FDA Finalizes Preventive Controls Rules, Meant to Prevent Foodborne Illnesses
The two rules are “the first step in putting greater emphasis on the prevention of foodborne illness, holding imported food to the same food safety standard as domestically produced food, and developing a nationally integrated food safety system in partnership with state and local authorities,” according to the agency.
The U.S. Food and Drug Administration on Sept. 10 announced what it described as a major step in preventing foodborne illness by finalizing the first two of seven major rules under the FDA Food Safety Modernization Act. The rules address manufacturing process for both human and animal foods; they will take effect 60 days after being published Sept. 17 in the Federal Register.
One day earlier, CDC reported that the number of people infected with Salmonella Poona linked to cucumbers imported from Mexico had risen to 341, an increase of 56 cases since Sept. 4. The cases are spread across 30 states, and 70 people so far have been hospitalized, with two deaths (one each in California and Texas) linked to the outbreak. CDC and the FDA are investigating.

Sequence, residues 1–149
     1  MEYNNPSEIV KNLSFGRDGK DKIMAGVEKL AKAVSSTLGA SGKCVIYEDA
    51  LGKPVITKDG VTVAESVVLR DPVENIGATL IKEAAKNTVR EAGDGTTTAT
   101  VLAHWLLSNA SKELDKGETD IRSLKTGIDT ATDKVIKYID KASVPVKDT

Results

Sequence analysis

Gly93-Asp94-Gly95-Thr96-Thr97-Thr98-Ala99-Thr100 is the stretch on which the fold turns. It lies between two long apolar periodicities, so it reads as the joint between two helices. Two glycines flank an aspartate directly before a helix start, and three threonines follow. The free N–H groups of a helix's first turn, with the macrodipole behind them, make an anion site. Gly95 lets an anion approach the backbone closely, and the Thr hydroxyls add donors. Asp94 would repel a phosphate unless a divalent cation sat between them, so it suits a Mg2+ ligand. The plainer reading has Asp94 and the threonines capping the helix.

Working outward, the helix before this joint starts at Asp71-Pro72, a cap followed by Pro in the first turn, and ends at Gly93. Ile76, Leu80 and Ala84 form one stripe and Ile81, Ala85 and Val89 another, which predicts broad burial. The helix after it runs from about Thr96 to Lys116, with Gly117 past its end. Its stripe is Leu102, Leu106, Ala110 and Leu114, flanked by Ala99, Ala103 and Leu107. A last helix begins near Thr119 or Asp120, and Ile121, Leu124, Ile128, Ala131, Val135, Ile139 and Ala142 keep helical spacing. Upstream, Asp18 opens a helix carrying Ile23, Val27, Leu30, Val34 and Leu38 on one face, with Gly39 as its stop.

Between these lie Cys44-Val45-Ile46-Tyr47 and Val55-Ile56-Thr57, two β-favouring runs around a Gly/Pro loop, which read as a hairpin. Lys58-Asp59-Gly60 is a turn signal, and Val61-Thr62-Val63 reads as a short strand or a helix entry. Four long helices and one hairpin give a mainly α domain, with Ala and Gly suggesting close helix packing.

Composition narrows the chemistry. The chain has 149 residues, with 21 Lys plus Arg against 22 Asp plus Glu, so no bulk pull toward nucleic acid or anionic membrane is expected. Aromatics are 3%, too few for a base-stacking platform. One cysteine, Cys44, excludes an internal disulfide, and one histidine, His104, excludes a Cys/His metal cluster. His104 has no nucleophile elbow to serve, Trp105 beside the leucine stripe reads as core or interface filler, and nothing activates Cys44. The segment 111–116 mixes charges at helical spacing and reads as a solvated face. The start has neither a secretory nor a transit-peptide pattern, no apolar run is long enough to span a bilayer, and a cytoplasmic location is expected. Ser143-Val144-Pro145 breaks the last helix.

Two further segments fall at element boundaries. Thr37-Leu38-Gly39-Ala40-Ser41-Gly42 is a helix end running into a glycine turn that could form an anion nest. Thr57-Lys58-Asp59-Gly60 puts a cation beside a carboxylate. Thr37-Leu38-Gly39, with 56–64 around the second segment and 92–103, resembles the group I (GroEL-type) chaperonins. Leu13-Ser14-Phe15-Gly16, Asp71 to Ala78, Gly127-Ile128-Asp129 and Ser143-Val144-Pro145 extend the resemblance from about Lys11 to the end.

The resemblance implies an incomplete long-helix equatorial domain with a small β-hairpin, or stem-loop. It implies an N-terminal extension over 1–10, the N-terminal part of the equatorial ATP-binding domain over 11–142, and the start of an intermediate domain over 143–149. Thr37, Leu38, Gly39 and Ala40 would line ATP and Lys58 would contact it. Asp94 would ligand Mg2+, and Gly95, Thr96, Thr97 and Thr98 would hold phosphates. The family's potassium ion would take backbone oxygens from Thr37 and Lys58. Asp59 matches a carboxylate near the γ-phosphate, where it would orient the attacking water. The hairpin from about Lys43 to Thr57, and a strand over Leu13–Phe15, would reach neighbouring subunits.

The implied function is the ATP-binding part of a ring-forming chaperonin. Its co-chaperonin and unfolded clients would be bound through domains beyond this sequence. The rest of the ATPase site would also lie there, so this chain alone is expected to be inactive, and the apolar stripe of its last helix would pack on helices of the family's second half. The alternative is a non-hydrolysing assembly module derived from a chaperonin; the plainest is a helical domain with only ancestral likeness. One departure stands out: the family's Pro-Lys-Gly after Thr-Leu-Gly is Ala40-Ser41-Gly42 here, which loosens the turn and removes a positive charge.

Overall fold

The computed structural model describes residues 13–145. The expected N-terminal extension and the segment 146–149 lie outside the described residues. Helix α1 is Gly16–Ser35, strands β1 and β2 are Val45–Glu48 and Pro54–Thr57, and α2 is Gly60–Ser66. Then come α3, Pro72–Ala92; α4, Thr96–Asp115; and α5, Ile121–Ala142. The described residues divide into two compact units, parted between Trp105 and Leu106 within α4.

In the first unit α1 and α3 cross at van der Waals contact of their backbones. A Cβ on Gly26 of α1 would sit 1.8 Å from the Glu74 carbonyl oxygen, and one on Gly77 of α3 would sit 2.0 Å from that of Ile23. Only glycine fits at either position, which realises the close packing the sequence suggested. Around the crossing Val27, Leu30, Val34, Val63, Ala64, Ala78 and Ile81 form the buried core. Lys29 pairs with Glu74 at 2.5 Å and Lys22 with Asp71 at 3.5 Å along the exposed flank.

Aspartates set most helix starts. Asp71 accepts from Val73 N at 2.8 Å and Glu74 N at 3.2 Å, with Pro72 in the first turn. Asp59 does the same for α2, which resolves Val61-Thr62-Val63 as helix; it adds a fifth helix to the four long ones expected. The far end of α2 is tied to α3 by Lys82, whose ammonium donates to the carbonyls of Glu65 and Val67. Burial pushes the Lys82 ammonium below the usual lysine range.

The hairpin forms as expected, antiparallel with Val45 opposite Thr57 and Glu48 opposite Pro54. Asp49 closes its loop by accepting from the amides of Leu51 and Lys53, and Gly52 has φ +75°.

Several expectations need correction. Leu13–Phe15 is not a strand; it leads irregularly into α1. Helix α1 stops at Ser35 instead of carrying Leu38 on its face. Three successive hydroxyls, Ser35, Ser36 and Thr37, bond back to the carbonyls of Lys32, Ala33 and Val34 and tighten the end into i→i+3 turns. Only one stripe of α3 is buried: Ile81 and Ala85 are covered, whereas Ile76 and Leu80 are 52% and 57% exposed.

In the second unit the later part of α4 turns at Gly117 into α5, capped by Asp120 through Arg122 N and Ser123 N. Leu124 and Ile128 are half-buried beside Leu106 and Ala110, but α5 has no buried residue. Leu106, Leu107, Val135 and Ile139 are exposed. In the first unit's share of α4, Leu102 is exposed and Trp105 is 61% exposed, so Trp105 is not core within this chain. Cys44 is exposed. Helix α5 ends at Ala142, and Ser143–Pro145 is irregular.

Andrew & Williamson Fresh Produce on Sept. 4 voluntarily recalled all cucumbers sold under the "Limited Edition" brand label during the period from Aug. 1 through Sept. 3, 2015, because they may be contaminated with Salmonella. Limited Edition cucumbers were distributed in Alaska, Arizona, Arkansas, California, Colorado, Florida, Idaho, Illinois, Kansas, Kentucky, Louisiana, Minnesota, Mississippi, Montana, Nevada, New Jersey, New Mexico, Oklahoma, Oregon, South Carolina, Texas, and Utah, but CDC reported further distribution to other states may have occurred.
The new FDA rules will hold imported food to the same food safety standard as domestically produced food and develop a nationally integrated food safety system in partnership with state and local authorities, according to FDA, which reports that an estimated 48 million people get sick each year from foodborne diseases, according to recent CDC data. Of these, approximately 128,000 are hospitalized and 3,000 die per year.
"Today"s announcement sets us on the path to a modern food safety system that will prevent illnesses and continue to build confidence in the safety of the food served to our families every day," said Dr. Stephen Ostroff, acting FDA commissioner.
The rules require human and animal food facilities to develop and implement written food safety plans that indicate possible problems that could affect the safety of their products and outline steps the facility would take to prevent or significantly minimize the likelihood of those problems occurring.
"We've been working with states, food companies, farmers, and consumers to create smart, practical, and meaningful rules," said Michael R. Taylor, deputy commissioner for foods and veterinary medicine at FDA. "And we have made a firm commitment to provide guidance, technical assistance, and training to advance a food safety culture that puts prevention first."
All seven FSMA rules will be finalized as of 2016.